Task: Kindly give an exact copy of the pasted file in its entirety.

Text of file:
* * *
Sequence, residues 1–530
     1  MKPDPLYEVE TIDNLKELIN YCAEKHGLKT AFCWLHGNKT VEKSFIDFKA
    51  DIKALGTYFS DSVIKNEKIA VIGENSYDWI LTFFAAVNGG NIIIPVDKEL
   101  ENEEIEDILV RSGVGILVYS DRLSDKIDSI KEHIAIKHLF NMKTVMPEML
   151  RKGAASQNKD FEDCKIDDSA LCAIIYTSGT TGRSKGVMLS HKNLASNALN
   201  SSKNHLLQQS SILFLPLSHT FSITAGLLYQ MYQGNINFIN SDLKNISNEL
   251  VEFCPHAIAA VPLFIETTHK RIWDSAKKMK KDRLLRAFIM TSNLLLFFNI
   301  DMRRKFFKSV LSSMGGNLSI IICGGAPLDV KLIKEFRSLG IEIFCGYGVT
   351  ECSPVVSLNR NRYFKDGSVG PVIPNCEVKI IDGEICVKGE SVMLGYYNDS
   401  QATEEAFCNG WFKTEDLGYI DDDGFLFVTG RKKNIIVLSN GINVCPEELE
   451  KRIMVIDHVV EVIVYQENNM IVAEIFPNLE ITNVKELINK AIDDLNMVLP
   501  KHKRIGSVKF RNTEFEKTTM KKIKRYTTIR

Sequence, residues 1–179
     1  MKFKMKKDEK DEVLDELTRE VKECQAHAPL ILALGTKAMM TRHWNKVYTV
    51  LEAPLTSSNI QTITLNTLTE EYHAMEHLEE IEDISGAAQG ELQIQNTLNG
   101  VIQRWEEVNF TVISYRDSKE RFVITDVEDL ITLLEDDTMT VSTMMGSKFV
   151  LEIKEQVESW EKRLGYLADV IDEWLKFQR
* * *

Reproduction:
Sequence, residues 1–530
     1  MKPDPLYEVE TIDNLKELIN YCAEKHGLKT AFCWLHGNKT VEKSFIDFKA
    51  DIKALGTYFS DSVIKNEKIA VIGENSYDWI LTFFAAVNGG NIIIPVDKEL
   101  ENEEIEDILV RSGVGILVYS DRLSDKIDSI KEHIAIKHLF NMKTVMPEML
   151  RKGAASQNKD FEDCKIDDSA LCAIIYTSGT TGRSKGVMLS HKNLASNALN
   201  SSKNHLLQQS SILFLPLSHT FSITAGLLYQ MYQGNINFIN SDLKNISNEL
   251  VEFCPHAIAA VPLFIETTHK RIWDSAKKMK KDRLLRAFIM TSNLLLFFNI
   301  DMRRKFFKSV LSSMGGNLSI IICGGAPLDV KLIKEFRSLG IEIFCGYGVT
   351  ECSPVVSLNR NRYFKDGSVG PVIPNCEVKI IDGEICVKGE SVMLGYYNDS
   401  QATEEAFCNG WFKTEDLGYI DDDGFLFVTG RKKNIIVLSN GINVCPEELE
   451  KRIMVIDHVV EVIVYQENNM IVAEIFPNLE ITNVKELINK AIDDLNMVLP
   501  KHKRIGSVKF RNTEFEKTTM KKIKRYTTIR

Sequence, residues 1–179
     1  MKFKMKKDEK DEVLDELTRE VKECQAHAPL ILALGTKAMM TRHWNKVYTV
    51  LEAPLTSSNI QTITLNTLTE EYHAMEHLEE IEDISGAAQG ELQIQNTLNG
   101  VIQRWEEVNF TVISYRDSKE RFVITDVEDL ITLLEDDTMT VSTMMGSKFV
   151  LEIKEQVESW EKRLGYLADV IDEWLKFQR